“Those of us who believe in the power of translanguaging practices for learning in multilingual classrooms can argue with confidence that this 21st century phenomenon is about ways of knowing that are plural, dynamic and fluid. I have shown that translanguaging is a useful model, when aligned with the ancient African value system of ubuntu, to challenge colonial and monolingual language practices that have pre-occupied the teaching profession for centuries and put multilingual children at the risk of failure, cognitive disadvantage and identity crisis for the rest of their lives.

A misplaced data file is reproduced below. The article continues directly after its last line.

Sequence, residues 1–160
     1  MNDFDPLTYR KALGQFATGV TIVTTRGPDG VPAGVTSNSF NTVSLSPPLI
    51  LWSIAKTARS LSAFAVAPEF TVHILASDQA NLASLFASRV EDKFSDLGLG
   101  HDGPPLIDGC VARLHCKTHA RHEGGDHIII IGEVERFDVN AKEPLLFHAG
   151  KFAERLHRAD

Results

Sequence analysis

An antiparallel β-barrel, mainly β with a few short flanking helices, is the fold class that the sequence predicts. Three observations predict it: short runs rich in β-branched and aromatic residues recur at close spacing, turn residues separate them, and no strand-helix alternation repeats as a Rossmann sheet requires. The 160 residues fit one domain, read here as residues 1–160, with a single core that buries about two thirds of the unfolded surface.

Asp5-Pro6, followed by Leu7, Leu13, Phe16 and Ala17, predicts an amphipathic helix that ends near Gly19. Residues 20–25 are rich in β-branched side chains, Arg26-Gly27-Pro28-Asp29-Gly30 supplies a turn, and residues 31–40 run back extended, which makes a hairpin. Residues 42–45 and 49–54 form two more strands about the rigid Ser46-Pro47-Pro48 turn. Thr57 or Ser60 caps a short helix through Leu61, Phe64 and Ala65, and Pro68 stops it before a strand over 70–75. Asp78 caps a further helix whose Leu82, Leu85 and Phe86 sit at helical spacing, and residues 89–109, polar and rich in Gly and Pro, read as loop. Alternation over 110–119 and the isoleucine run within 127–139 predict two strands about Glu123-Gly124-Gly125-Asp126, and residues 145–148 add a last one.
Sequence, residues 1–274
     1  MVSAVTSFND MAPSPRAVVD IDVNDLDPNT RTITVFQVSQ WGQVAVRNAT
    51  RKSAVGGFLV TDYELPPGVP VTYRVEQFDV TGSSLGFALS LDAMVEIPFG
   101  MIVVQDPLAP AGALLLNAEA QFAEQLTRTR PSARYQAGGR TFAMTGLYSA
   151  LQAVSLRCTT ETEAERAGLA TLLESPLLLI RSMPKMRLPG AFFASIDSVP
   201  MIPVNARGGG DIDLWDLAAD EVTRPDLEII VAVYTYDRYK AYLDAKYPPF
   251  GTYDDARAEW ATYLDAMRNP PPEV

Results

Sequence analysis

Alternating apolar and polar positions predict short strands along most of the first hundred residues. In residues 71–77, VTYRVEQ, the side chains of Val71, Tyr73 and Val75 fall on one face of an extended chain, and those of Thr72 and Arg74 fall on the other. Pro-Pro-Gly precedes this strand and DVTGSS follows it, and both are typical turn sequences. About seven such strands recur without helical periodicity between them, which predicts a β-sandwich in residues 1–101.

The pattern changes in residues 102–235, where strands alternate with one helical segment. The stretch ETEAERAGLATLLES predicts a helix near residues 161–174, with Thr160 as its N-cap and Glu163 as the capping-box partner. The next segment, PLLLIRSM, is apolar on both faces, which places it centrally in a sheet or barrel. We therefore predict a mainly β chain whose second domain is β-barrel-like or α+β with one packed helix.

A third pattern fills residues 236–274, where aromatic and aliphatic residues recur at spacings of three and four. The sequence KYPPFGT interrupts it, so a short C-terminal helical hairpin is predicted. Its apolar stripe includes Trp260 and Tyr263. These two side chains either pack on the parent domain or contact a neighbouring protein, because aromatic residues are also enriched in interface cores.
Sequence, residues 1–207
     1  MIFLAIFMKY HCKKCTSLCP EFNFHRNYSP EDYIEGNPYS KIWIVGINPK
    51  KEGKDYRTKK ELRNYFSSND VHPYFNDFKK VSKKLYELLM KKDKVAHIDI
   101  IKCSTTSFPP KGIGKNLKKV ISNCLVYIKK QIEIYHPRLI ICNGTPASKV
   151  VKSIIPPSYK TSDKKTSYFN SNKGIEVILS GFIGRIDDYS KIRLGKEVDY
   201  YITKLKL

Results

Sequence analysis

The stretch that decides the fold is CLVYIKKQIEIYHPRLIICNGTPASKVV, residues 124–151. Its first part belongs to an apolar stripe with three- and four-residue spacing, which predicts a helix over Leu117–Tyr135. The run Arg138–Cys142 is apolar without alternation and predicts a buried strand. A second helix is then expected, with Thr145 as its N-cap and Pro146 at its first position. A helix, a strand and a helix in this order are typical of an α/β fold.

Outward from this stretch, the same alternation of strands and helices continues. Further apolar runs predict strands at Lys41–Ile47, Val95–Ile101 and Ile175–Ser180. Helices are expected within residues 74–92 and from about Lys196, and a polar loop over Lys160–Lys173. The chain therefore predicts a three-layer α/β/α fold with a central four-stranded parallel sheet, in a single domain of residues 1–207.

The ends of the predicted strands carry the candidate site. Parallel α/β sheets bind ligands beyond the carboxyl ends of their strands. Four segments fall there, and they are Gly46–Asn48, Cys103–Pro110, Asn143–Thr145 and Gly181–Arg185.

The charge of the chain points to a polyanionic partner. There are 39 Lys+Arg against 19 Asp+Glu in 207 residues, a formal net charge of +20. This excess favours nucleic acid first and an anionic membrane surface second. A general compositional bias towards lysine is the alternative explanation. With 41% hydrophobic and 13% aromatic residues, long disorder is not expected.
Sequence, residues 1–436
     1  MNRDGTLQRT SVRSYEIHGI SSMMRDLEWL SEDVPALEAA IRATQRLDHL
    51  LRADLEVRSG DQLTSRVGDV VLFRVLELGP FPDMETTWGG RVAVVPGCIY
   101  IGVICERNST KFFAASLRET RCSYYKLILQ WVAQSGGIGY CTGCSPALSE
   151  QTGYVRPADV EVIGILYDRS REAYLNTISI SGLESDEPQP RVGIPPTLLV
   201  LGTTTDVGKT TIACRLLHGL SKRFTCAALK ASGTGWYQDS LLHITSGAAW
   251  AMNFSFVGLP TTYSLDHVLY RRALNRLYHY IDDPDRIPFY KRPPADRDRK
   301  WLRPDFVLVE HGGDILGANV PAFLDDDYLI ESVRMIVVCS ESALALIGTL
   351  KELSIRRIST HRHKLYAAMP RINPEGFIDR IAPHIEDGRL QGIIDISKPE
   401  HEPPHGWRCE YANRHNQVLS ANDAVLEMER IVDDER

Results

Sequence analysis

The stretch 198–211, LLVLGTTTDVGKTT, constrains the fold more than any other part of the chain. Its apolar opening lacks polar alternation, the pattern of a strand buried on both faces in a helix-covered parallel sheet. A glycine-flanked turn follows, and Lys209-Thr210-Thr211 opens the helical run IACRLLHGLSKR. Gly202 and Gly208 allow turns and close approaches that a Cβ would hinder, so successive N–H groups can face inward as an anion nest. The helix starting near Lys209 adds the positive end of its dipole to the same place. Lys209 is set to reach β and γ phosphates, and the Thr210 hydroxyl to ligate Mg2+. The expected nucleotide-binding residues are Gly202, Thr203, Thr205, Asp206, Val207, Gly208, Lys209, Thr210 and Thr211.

Should we still believe that use of more than one language creates mental confusion? Are multilingual children and adult speakers confused? My answer is a resounding NO; both propositions were based on exclusive, segregating societies that would not tolerate multiplicity (i.e. The ideology of oneness as seen in their one language, one nation mantra). In my latest publication on this subject, TRANSLANGUAGING AS A VEHICLE FOR EPISTEMIC ACCESS, I present two cases: one primary school bilingual readers of African languages and English and university students learning African languages. The results of the study showed superior performance in reading literacy and positive schooling experience in both groups. Thus, it is instructive to argue that uBuntu translanguaging practices – where one language is incomplete without the other – are a way for African multilingual return.”